Eight earth system models of intermediate complexity (EMICs) are used to project climate change commitments for the recent Intergovernmental Panel on Climate Change's (IPCC's) Fourth Assessment Report (AR4). Simulations are run until the year 3000 A. D. and extend substantially farther into the future than conceptually similar simulations with atmosphere-ocean general circulation models (AOGCMs) coupled to carbon cycle models. In this paper the following are investigated: 1) the climate change commitment in response to stabilized greenhouse gases and stabilized total radiative forcing, 2) the climate change commitment in response to earlier CO2 emissions, and 3) emission trajectories for profiles leading to the stabilization of atmospheric CO2 and their uncertainties due to carbon cycle processes. Results over the twenty-first century compare reasonably well with results from AOGCMs, and the suite of EMICs proves well suited to complement more complex models. Substantial climate change commitments for sea level rise and global mean surface temperature increase after a stabilization of atmospheric greenhouse gases and radiative forcing in the year 2100 are identified. The additional warming by the year 3000 is 0.6-1.6 K for the low-CO2 IPCC Special Report on Emissions Scenarios (SRES) B1 scenario and 1.3-2.2 K for the high-CO2 SRES A2 scenario. Correspondingly, the post-2100 thermal expansion commitment is 0.3-1.1 m for SRES B1 and 0.5-2.2 m for SRES A2. Sea level continues to rise due to thermal expansion for several centuries after CO2 stabilization. In contrast, surface temperature changes slow down after a century. The meridional overturning circulation is weakened in all EMICs, but recovers to nearly initial values in all but one of the models after centuries for the scenarios considered. Emissions during the twenty-first century continue to impact atmospheric CO2 and climate even at year 3000. All models find that most of the anthropogenic carbon emissions are eventually taken up by the ocean (49%-62%) in year 3000, and that a substantial fraction (15%-28%) is still airborne even 900 yr after carbon emissions have ceased. Future stabilization of atmospheric CO2 and climate change requires a substantial reduction of CO2 emissions below present levels in all EMICs. This reduction needs to be substantially larger if carbon cycle-climate feedbacks are accounted for or if terrestrial CO2 fertilization is not operating. Large differences among EMICs are identified in both the response to increasing atmospheric CO2 and the response to climate change. This highlights the need for improved representations of carbon cycle processes in these models apart from the sensitivity to climate change. Sensitivity simulations with one single EMIC indicate that both carbon cycle and climate sensitivity related uncertainties on projected allowable emissions are substantial. [less ▲]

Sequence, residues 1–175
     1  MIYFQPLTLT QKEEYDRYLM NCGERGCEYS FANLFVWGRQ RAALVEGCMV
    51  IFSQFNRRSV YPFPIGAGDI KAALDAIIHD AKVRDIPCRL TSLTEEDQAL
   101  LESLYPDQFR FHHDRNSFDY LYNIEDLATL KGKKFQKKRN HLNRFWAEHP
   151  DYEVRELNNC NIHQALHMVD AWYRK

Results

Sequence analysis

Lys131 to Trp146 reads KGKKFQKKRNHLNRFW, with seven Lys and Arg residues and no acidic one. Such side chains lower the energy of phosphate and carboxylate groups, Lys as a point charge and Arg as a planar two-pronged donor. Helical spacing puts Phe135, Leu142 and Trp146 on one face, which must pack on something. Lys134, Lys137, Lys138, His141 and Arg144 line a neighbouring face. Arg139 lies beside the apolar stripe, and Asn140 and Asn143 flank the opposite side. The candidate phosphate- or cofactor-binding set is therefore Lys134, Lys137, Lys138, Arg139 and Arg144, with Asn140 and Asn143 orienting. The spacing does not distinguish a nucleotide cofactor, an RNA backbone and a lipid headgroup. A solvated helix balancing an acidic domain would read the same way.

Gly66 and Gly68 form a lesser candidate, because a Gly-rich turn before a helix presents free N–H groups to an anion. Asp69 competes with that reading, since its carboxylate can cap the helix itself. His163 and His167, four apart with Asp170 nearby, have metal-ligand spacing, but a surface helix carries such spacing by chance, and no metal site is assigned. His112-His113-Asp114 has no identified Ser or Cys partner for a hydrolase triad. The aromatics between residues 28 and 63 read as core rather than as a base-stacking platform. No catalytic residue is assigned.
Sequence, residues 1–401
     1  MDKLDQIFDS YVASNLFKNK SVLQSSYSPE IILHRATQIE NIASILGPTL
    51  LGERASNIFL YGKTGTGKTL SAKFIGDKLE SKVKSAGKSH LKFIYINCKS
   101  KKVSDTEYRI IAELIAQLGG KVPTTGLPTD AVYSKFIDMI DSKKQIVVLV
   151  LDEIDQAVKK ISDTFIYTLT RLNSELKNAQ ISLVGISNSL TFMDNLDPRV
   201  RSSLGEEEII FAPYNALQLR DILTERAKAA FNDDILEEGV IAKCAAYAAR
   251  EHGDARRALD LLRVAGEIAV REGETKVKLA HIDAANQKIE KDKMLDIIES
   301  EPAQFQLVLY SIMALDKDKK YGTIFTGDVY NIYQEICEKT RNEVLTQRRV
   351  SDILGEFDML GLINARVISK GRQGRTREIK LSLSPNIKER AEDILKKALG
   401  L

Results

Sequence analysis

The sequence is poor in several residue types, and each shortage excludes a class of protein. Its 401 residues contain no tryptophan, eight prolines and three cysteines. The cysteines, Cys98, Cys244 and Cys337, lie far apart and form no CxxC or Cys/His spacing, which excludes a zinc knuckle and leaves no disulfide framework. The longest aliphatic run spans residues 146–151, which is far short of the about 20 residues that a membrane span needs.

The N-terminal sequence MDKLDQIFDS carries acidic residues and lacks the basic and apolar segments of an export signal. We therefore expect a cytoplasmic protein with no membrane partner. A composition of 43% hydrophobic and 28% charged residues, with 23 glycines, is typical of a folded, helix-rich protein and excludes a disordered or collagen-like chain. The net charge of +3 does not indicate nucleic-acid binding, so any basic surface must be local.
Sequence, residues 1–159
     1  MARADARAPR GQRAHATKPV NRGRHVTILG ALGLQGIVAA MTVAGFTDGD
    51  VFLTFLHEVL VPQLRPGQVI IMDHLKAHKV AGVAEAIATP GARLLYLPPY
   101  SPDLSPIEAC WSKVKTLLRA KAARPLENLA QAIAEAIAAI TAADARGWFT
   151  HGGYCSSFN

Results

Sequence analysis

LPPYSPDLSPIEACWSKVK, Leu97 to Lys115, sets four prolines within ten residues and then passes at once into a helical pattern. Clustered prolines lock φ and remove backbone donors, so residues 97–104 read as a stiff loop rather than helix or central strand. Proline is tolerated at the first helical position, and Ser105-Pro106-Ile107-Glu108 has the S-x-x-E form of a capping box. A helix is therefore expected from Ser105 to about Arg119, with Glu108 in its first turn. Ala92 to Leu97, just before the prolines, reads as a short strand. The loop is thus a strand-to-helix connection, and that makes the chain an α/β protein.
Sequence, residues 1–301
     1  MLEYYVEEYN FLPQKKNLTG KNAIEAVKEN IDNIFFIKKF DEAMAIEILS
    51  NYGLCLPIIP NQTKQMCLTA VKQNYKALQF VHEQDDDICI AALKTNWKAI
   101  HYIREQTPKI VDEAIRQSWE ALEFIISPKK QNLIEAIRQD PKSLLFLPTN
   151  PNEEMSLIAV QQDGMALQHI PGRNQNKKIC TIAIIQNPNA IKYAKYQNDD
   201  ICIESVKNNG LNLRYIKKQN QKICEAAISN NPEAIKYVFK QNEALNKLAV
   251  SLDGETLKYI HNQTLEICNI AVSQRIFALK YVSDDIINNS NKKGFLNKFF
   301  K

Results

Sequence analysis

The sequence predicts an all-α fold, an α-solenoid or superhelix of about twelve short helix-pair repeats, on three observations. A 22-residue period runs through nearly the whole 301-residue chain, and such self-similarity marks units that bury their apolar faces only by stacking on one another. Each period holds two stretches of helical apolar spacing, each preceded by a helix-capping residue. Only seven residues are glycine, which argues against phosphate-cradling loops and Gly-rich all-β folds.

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See detailClimate and marine carbon cycle response to changes in the strength of the Southern Hemispheric westerlies
Menviel, L.; Timmermann, A.; Mouchet, Anne ULg et al

in Paleoceanography (2008), 23(4),

It has been previously suggested that changes in the strength and position of the Southern Hemisphere westerlies could be a key contributor to glacial-interglacial atmospheric CO2 variations. To test this ... [more ▼]

It has been previously suggested that changes in the strength and position of the Southern Hemisphere westerlies could be a key contributor to glacial-interglacial atmospheric CO2 variations. To test this hypothesis, we perform a series of sensitivity experiments using an Earth system model of intermediate complexity. A strengthening of the climatological mean surface winds over the Southern Ocean induces stronger upwelling and increases the formation of Antarctic Bottom Water. Enhanced Ekman pumping brings more dissolved inorganic carbon (DIC)-rich waters to the surface. However, the stronger upwelling also supplies more nutrients to the surface, thereby enhancing marine export production in the Southern Hemisphere and decreasing the DIC content in the euphotic zone. The net response is a small atmospheric CO2 increase (similar to 5 ppmv) compared to the full glacial-interglacial CO2 amplitude of similar to 90 ppmv. Roughly the opposite results are obtained for a weakening of the Southern Hemisphere westerly winds. [less ▲]

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See detailMeridional reorganizations of marine and terrestrial productivity during Heinrich events,
Menviel, L.; Timmermann, A.; Mouchet, Anne ULg et al